Treble has been around for now 4 years, we can now draw conclusions about the idea, its architecture and how Google follows it up. The architecture pretty much stands strongly. Props to the people who planned it, I was impressed then, and still am. 1/26
I'll only discuss about the Google/AOSP-related stuff. There has been a huge lot of stuff going on related to how OEM/SoC vendors make things complicated (and unlike what many people would believe, Qualcomm is a big offender, while Mediatek is quite okay). 2/26
Also, I'll make some approximations, because the topic is much more complex (and interesting IMO), and roots deeply into the relations between Google, SoC vendors, ODM, OEMs, carriers, IP
vendors, TEE vendors and many more. 3/26
AFAIU the idea initially was that Google would upgrade Android framework, independantly of OEMs, so noone would be left with old Android version. However this has evolved, and now it's still up to the OEM to do the upgrade. Now Treble becomes merely a way to make it easier. 4/26
The implementation has been a very rough road. including for legitimate reasons. SAR, noVNDK/vndklite, SPL-bound keystore to name just a few. Supporting Treble through those was still technically possible (I did!), but I understand Google didn't want this technical debt. 5/26
There has been few things where Google abandonned support, where it was possible and clean to keep up in my opinion, like sdcardfs kernel crashes, bpf, scudo, or Oreo wifi hostapd. 6/26
And then, there are some places where Google clearly didn't bother to try. For instance, audio hal 2.0 support has been removed from Android 12. And for what reason? Because OEMs are not allowed to certify an Android 12 with audio hal 2.0. 7/26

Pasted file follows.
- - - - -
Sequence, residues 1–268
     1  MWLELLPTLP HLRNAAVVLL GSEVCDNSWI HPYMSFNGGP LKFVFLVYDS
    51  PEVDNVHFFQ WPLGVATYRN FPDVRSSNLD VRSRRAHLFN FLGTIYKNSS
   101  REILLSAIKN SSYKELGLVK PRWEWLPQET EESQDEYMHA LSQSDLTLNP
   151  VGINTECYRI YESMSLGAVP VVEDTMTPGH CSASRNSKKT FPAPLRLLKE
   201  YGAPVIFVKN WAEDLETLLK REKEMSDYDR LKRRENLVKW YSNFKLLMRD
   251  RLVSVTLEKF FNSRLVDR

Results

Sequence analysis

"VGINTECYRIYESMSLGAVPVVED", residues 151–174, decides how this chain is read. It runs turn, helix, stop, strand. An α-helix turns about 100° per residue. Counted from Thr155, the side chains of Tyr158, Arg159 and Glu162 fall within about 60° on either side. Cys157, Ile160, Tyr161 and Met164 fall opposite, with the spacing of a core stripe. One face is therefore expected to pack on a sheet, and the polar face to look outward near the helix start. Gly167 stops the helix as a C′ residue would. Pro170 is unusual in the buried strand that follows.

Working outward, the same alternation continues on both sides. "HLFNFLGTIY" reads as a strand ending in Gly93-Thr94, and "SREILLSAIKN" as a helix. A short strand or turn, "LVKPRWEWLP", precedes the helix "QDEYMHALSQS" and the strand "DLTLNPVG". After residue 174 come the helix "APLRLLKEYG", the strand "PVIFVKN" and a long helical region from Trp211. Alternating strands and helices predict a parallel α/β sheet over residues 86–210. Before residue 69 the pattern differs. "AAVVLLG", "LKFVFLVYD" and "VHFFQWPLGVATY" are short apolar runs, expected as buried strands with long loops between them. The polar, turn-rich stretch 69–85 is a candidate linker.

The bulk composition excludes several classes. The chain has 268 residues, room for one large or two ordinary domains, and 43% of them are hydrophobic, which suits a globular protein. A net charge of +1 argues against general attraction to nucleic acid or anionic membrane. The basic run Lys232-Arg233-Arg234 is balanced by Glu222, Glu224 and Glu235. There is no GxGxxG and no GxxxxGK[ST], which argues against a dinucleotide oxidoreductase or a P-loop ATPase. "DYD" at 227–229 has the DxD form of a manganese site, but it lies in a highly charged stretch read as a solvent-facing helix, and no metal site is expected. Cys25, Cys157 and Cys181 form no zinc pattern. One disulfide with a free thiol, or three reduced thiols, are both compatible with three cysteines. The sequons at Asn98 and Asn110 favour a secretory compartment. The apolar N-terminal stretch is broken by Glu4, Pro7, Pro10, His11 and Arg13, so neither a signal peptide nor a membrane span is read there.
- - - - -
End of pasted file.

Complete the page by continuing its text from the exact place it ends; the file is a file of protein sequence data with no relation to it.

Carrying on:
Also, Treble requires Google to standardize comparable hardware. One major issue has been under-display fingerprints, a thing since 2018. This requires extending abstractions to support it. 8/26
Google waited Android 12 and their Pixel 6 to standardize under-display fingerprints, which means that all devices with that feature released until then didn't have the proper compatibilit
y layer, and thus made it much harder to support. 9/26
Treble was the promise for long-term support of all Android smartphones. Since GRF, Treble is real for OEMs, where does it take us? Let's take an Android 12-launching Snapdragon 480 device as a reference. 10/26
Under GRF, this SoC started as Android 11, so it would have Treble upgrades up to Android 14. For our Android 12-launching device, this means 2 Android upgrades. If this sounds familiar, i
t's because it is. Most OEMs already do 2 Android upgrades. 11/26
I said Treble would make upgrades easier. Having only 2 easy upgrades, doesn't mean OEMs will stop upgrading after those 2 upgrades, so that's still a win right? Let's turn to SoC vendor support to see some light... 12/26
So far, SoC vendors haven't promised anything better, the wording merely changed. Let's take the longest-supported (for both upgrades and manufacturing) SoC ever, the Mediatek MT6580. I believe this one started with Android 4.4. And finished with Android Pie. 13/26
Under GRF/Treble, MT6580 would have been released and staid with Android 4.4 vendor. GRF would provide 3 years of upgrades, so uh, that gives us to Android 7.0. MT6580 devices released wit